We had a lovely afternoon and evening yesterday. We started with a tramp to Fontainhas, which, during the uphill way out we remembered as being much closer, but it seemed quite close on the downhill way back. We ate a delicious dinner of local pork linguiça, fried eel (perhaps one that we saw caught while we ate our lunch earlier), and a filet of fish cooked with olives and a spicy sauce, sitting outside in the cool evening air by the wall of a balcony looking west over the last strains of the sunset.
There was live music in the bar downstairs. Four men, playing guitar, singing, beating a handmade drum, and shaking intricate rhythms with a seed-pod rattle, performed familiar and new Cabo Verdean songs, and we sipped our dessert ponche and grogue at a table on the street, where we could admire the music along with a gaggle of dancing preschoolers from the neighborhood backing the restaurant.
At one point, two of the little kids whispered and tugged at the singer and he chuckled, stood up, replaced the stool he'd borrowed from a neighboring table, and followed them off. He returned a couple songs later, the kids, presumably, now safely in bed.
I was so happy, and then we came home.
The floor in the bathroom was wet, very wet, with a puddle spreading from under the very new acrylic shower pan. It was late; this is a small family-owned-and-operated residencial, they don't really speak English, and my Portuguese is not up to the vigors of home repair. Whatever was going to happen last night was on us.
We had been given only two towels (and no bath mat), and they appeared to be as bright and new as the shower pan, so as home owner myself, I was loath to drop them into the wet mess on the floor. A couple days earlier, Ian had found in his pack a sponge from the Lisbon hotel we stayed in during our last transit back to Seattle from here (a sponge? How strange!), and so, armed with the sponge, I proceeded to mop up the floor (finishing with most of a roll of toilet paper).
As the floor got drier, I was able to pinpoint where the water was escaping, and the ominous /squish/ I had heard and felt earlier when standing in the shower to wash my feet, was explained.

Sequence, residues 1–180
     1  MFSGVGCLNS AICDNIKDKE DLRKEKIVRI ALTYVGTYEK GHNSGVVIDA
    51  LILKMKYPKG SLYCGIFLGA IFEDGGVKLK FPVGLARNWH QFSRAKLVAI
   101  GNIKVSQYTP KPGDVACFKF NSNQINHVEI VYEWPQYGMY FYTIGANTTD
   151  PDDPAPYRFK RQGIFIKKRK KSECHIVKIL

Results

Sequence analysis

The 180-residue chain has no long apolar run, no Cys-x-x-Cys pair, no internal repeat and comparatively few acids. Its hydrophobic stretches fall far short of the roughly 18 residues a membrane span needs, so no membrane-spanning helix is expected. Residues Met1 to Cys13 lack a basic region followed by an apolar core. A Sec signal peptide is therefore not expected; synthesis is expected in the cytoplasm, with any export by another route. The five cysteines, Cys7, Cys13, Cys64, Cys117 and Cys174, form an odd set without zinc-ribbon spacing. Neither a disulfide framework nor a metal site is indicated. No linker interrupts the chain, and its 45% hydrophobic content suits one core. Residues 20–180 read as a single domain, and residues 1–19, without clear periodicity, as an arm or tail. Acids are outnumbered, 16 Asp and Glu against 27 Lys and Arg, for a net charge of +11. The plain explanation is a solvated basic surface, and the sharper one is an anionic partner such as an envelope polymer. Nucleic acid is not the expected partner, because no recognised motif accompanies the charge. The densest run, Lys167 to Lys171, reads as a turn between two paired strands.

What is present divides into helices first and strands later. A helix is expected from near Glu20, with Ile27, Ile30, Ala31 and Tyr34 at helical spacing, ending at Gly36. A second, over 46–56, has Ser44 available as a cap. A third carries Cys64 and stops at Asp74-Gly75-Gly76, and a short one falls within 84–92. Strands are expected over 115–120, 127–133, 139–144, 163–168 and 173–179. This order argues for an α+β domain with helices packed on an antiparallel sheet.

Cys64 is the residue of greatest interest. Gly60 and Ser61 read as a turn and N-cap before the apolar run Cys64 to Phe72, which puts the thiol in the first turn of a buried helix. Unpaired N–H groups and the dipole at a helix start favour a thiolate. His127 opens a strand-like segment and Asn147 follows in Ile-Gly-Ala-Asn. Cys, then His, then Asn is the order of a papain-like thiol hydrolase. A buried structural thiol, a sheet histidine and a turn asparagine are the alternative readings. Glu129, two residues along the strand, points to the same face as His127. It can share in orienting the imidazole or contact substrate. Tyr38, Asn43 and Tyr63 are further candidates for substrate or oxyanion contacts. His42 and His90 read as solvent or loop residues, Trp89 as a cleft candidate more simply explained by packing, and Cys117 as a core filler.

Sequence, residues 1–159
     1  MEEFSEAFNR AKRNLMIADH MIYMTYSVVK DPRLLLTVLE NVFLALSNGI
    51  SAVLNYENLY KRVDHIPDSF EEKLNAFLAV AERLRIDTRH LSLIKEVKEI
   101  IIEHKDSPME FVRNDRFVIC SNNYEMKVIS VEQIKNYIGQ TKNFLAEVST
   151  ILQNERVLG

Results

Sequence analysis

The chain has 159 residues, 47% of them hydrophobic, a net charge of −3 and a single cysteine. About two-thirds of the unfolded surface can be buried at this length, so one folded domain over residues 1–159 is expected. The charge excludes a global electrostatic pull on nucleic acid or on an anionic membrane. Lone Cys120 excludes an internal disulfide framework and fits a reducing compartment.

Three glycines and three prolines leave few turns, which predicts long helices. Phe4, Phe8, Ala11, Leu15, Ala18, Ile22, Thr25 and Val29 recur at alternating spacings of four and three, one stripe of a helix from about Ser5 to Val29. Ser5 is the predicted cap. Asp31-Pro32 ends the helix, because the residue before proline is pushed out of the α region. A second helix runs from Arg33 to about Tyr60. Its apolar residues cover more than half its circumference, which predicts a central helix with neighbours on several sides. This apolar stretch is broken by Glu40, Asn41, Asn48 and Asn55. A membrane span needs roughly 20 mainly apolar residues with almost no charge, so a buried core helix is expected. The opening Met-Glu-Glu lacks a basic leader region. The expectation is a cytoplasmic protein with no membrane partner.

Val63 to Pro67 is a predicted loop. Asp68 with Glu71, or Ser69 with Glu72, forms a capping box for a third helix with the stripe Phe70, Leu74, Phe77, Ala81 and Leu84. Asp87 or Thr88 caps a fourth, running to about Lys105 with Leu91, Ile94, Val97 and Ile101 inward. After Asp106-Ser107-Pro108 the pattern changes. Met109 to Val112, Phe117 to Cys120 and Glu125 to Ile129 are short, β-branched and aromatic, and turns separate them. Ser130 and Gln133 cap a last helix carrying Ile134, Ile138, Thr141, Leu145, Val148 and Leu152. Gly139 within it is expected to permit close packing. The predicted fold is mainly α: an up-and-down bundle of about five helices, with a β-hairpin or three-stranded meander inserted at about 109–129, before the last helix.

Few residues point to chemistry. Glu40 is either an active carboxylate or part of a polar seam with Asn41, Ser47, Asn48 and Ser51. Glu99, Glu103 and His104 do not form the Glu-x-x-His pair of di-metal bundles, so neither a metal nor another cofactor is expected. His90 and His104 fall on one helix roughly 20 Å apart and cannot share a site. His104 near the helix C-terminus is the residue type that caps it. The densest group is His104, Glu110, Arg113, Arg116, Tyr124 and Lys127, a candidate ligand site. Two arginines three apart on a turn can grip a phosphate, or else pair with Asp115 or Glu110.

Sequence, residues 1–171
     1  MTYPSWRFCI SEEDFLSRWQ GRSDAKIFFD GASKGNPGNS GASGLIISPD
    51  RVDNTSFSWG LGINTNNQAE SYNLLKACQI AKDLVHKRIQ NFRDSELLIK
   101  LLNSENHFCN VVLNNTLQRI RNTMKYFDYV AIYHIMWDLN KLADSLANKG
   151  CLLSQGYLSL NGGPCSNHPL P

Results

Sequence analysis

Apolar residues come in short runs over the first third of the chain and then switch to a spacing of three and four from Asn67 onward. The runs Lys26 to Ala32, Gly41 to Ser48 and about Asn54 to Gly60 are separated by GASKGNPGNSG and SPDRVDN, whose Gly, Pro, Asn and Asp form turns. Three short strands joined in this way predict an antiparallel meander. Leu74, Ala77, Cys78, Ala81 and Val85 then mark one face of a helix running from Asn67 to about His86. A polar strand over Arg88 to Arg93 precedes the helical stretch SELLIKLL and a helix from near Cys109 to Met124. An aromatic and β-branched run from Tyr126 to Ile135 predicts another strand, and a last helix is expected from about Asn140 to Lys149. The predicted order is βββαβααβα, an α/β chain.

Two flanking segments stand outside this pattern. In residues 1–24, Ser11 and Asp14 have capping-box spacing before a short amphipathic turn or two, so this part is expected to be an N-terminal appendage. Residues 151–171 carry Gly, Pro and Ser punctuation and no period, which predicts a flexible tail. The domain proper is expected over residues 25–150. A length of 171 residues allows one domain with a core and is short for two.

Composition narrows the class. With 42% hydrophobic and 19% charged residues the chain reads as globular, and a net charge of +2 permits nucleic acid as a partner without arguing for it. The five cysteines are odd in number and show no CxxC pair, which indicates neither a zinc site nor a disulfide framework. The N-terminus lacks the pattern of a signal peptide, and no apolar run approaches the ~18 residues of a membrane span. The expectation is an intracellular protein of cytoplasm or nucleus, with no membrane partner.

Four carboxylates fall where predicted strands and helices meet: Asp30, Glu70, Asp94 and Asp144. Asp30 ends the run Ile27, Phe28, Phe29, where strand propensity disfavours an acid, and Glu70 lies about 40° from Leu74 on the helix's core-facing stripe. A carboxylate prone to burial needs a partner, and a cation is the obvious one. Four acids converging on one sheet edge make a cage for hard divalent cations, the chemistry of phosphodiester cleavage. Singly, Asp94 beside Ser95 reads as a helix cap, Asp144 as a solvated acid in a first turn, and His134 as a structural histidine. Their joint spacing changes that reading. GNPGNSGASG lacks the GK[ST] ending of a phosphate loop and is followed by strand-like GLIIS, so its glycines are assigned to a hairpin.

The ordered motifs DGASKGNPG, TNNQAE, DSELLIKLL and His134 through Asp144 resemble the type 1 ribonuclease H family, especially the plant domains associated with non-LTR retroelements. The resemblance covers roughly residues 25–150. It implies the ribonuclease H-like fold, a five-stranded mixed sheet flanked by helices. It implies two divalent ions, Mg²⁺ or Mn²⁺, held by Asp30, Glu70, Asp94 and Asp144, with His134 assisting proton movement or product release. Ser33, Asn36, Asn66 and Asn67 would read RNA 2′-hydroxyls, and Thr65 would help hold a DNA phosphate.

I made us pack our bags this morning before we went up the street for breakfast (I want a room ASAP where the dirty water drains to the outside), and Ian used his translation app to find some key words: shower drain; flood.
At breakfast we made clear that there was a problem, but the little old lady in charge, who cooked a delicious tuna omelette, could not understand what we were trying to say about the drain, and let us know that her husband, who spoke a little English, would be back from the next town over around noon. We left our cell phone numbers so that he could call us when he arrived.
In the event, just now at 10:30, a man too young to be the husband arrived, assessed the problem, noted that it was, in fact, a big one, and left to see if there was another room where we could move (we will move, but to another room or to another lodging remains to be seen).
Ian, for his part, said that he was relieved to have an excuse to not immediately go trekking around steep, treacherous hillsides in the blazing sun of morning, and I suppose I agree, but I'd prefer to have had the option, at least. That said, it's best for me to be close to a loo in the early part each day, and the loo part of the bathroom is perfectly functional.
It is lovely to lounge on our comfortable bed in the shade of our open-windowed, breezy room, with the sounds of the surf crashing on the lava shore a block away, and birds twittering, and nowhere we have to go, and nothing we have to do. The shower won't be our problem for very much longer, and we still have until next Saturday to hike our feet to nubs and our legs to stiff pegs.
**NB: We have just been installed in the corner room next door, which still has the same view of the port, PLUS another window on the kitty-corner wall. And, a teeny-tiny tub. And plenty of time still to walk ourselves lame.
one-fingered on my phone